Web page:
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Zinc bioaccumulation and ionoregulatory impacts in Fundulus heteroclitus exposed to sublethal waterborne zinc at different salinities.

Abstract

Exposure of Fundulus heteroclitus to an environmentally relevant Zn concentration (500 μg L⁻¹) at different salinities (0, 3.5, 10.5, and 35 ppt) revealed the following effects: (i) plasma [Zn] doubled after exposure at 0 ppt, a response which was eliminated at 35 ppt. Tissue [Zn] also increased in gill, liver, intestine, and carcass at 0 ppt. (ii) Both branchial and intestinal Ca2⁺ ATPase activities decreased in response to Zn at 0 ppt and were elevated at 35 ppt. Plasma [Ca] decreased by 50% at 0 ppt and by 30% at 3.5 ppt and increased by 20% at 35 ppt. Gill [Ca] decreased by 35% at 0 ppt and increased by about 30% at all higher salinities. (iii) Branchial Na⁺,K⁺ ATPase activity decreased by 50% at 0 ppt, increased by 30% and 90% at 10.5 and 35 ppt respectively. Intestinal Na⁺,K⁺ ATPase activity was reduced by 30% at 0 ppt. (iv) Plasma [Na] decreased by 30% at 0 ppt in Zn-exposed. Zn exposure also disturbed the homeostasis of tissue cations (Na⁺, K⁺, Ca⁺⁺, Mg⁺⁺) in a tissue-specific and salinity-dependent manner. (v) Drinking rate was not altered by Zn exposure. In toxicity tests, acute Zn lethality (96-h LC50) increased in a close to linear fashion from 9.8 mg L⁻¹ at 0 ppt to 75.0 mg L⁻¹ at 35 ppt. We conclude that sublethal Zn exposure causes pathological changes in both Ca⁺⁺ and Na⁺ homeostases, and that increasing salinity exerts protective effects against both sublethal and lethal Zn toxicities.

Authors+Show Affiliations

Departamento de Química, Universidade Federal de Santa Maria (UFSM), Av. Roraima 1000, Santa Maria, RS, Brazil 97105-900. Electronic address: vania.loro@gmail.com.Universidade Federal do Rio Grande (FURG), Instituto de Ciências Biológicas, Rio Grande, RS, Brazil 96201-900.Dept. of Biology, McMaster University, 1280 Main Street West, Hamilton, ON, Canada L8S 4K1.Dept. of Biology, McMaster University, 1280 Main Street West, Hamilton, ON, Canada L8S 4K1.

Pub Type(s)

Comparative Study
Journal Article
Research Support, Non-U.S. Gov't

Language

eng

PubMed ID

25051304

Citation

Loro, Vania Lucia, et al. "Zinc Bioaccumulation and Ionoregulatory Impacts in Fundulus Heteroclitus Exposed to Sublethal Waterborne Zinc at Different Salinities." Comparative Biochemistry and Physiology. Toxicology & Pharmacology : CBP, vol. 166, 2014, pp. 96-104.
Loro VL, Nogueira L, Nadella SR, et al. Zinc bioaccumulation and ionoregulatory impacts in Fundulus heteroclitus exposed to sublethal waterborne zinc at different salinities. Comp Biochem Physiol C Toxicol Pharmacol. 2014;166:96-104.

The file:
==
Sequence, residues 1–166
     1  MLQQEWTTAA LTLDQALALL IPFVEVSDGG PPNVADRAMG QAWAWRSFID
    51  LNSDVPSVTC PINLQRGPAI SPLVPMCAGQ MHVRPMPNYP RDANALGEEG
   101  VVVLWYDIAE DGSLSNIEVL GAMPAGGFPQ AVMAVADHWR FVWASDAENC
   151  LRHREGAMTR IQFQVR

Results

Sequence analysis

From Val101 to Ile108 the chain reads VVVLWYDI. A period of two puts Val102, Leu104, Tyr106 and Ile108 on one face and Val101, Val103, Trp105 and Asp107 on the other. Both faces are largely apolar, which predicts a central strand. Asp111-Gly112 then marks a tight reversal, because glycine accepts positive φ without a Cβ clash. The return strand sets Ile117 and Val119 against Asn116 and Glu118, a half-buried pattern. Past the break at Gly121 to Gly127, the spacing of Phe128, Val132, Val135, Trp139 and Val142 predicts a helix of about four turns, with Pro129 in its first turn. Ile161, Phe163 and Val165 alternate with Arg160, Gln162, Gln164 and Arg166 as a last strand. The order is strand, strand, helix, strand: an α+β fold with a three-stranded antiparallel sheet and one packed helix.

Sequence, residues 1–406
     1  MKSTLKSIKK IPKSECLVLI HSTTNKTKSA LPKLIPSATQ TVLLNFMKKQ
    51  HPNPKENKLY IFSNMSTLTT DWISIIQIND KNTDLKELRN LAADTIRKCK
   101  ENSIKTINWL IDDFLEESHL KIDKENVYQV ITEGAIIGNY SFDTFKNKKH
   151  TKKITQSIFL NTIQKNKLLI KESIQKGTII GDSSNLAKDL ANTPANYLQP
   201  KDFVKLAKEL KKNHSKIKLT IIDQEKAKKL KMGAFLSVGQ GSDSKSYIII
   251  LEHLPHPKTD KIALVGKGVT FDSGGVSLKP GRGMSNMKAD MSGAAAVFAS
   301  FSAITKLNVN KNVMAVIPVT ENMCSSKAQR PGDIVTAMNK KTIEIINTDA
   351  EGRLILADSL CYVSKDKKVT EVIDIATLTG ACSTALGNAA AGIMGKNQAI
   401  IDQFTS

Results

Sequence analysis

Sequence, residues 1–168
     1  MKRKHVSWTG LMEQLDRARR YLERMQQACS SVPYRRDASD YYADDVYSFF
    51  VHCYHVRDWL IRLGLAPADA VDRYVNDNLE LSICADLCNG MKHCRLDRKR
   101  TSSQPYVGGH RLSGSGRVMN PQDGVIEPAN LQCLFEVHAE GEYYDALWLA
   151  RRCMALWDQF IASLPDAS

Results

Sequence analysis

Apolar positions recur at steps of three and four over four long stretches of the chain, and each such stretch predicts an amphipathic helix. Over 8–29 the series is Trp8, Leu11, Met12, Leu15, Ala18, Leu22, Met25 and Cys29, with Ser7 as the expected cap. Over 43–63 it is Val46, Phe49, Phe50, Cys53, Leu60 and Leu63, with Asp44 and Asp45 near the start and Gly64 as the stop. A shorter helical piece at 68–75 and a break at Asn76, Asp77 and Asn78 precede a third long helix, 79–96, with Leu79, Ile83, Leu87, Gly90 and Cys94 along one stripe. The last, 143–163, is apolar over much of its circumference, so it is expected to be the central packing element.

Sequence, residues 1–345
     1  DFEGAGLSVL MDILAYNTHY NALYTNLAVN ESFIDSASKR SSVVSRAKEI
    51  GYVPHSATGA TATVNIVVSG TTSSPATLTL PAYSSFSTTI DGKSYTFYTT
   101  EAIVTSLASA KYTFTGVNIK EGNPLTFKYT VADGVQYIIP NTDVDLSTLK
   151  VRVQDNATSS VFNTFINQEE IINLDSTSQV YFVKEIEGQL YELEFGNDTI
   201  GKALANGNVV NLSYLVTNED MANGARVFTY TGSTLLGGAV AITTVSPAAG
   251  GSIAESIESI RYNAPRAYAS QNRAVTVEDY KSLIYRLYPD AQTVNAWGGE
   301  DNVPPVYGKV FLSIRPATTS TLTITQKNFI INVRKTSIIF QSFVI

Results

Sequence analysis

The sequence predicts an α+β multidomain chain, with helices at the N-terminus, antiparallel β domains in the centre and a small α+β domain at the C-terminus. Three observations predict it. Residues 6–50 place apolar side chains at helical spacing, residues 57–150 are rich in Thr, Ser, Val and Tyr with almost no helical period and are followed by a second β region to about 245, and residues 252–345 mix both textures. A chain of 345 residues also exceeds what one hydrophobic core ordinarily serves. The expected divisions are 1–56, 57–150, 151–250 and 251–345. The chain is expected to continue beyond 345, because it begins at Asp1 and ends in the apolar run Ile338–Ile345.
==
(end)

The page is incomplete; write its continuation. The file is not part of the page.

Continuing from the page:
Loro, V. L., Nogueira, L., Nadella, S. R., & Wood, C. M. (2014). Zinc bioaccumulation and ionoregulatory impacts in Fundulus heteroclitus exposed to sublethal waterborne zinc at different salinities. Comparative Biochemistry and Physiology. Toxicology & Pharmacology : CBP, 166, 96-104. https://doi.org/10.1016/j.cbpc.2014.07.004
Loro VL, et al. Zinc Bioaccumulation and Ionoregulatory Impacts in Fundulus Heteroclitus Exposed to Sublethal Waterborne Zinc at Different Salinities. Comp Biochem Physiol C Toxicol Pharmacol. 2014;166:96-104. PubMed PMID: 25051304.
* Article titles in AMA citation format should be in sentence-case
TY - JOUR T1 - Zinc bioaccumulation and ionoregulatory impacts in Fundulus heteroclitus exposed to sublethal waterborne zinc at different salinities. AU - Loro,Vania Lucia, AU - Nogueira,Lygia, AU - Nadella,Sunita R, AU - Wood,Chris M, Y1 - 2014/07/19/ PY - 2014/03/19/received PY - 2014/06/09/revised PY - 2014/07/14/accepted PY - 2014/7/23/entrez PY - 2014/7/23/pubmed PY - 2015/5/16/medline KW - Ca(2+) ATPase KW - Calcium homeostasis KW - Killifish KW - Na(+),K(+) ATPase KW - Salinity KW - Sodium homeostasis KW - Zinc SP - 96 EP - 104 JF - Comparative biochemistry and physiology. Toxicology & pharmacology : CBP JO - Comp. Biochem. Physiol. C Toxicol. Pharmacol. VL - 166 N2 - Exposure of Fundulus heteroclitus to an environmentally relevant Zn concentration (500 μg L⁻¹) at different salinities (0, 3.5, 10.5, and 35 ppt) revealed the following effects: (i) plasma [Zn] doubled after exposure at 0 ppt, a response which was eliminated at 35 ppt. Tissue [Zn] also increased in gill, liver, intestine, and carcass at 0 ppt. (ii) Both branchial and intestinal Ca2⁺ ATPase activities decreased in response to Zn at 0 ppt and were elevated at 35 ppt. Plasma [Ca] decreased by 50% at 0 ppt and by 30% at 3.5 ppt and increased by 20% at 35 ppt. Gill [Ca] decreased by 35% at 0 ppt and increased by about 30% at all higher salinities. (iii) Branchial Na⁺,K⁺ ATPase activity decreased by 50% at 0 ppt, increased by 30% and 90% at 10.5 and 35 ppt respectively. Intestinal Na⁺,K⁺ ATPase activity was reduced by 30% at 0 ppt. (iv) Plasma [Na] decreased by 30% at 0 ppt in Zn-exposed. Zn exposure also disturbed the homeostasis of tissue cations (Na⁺, K⁺, Ca⁺⁺, Mg⁺⁺) in a tissue-specific and salinity-dependent manner. (v) Drinking rate was not altered by Zn exposure. In toxicity tests, acute Zn lethality (96-h LC50) increased in a close to linear fashion from 9.8 mg L⁻¹ at 0 ppt to 75.0 mg L⁻¹ at 35 ppt. We conclude that sublethal Zn exposure causes pathological changes in both Ca⁺⁺ and Na⁺ homeostases, and that increasing salinity exerts protective effects against both sublethal and lethal Zn toxicities. SN - 1532-0456 UR - https://www.unboundmedicine.com/medline/citation/25051304/Zinc_bioaccumulation_and_ionoregulatory_impacts_in_Fundulus_heteroclitus_exposed_to_sublethal_waterborne_zinc_at_different_salinities_ L2 - https://linkinghub.elsevier.com/retrieve/pii/S1532-0456(14)00090-8 DB - PRIME DP - Unbound Medicine ER -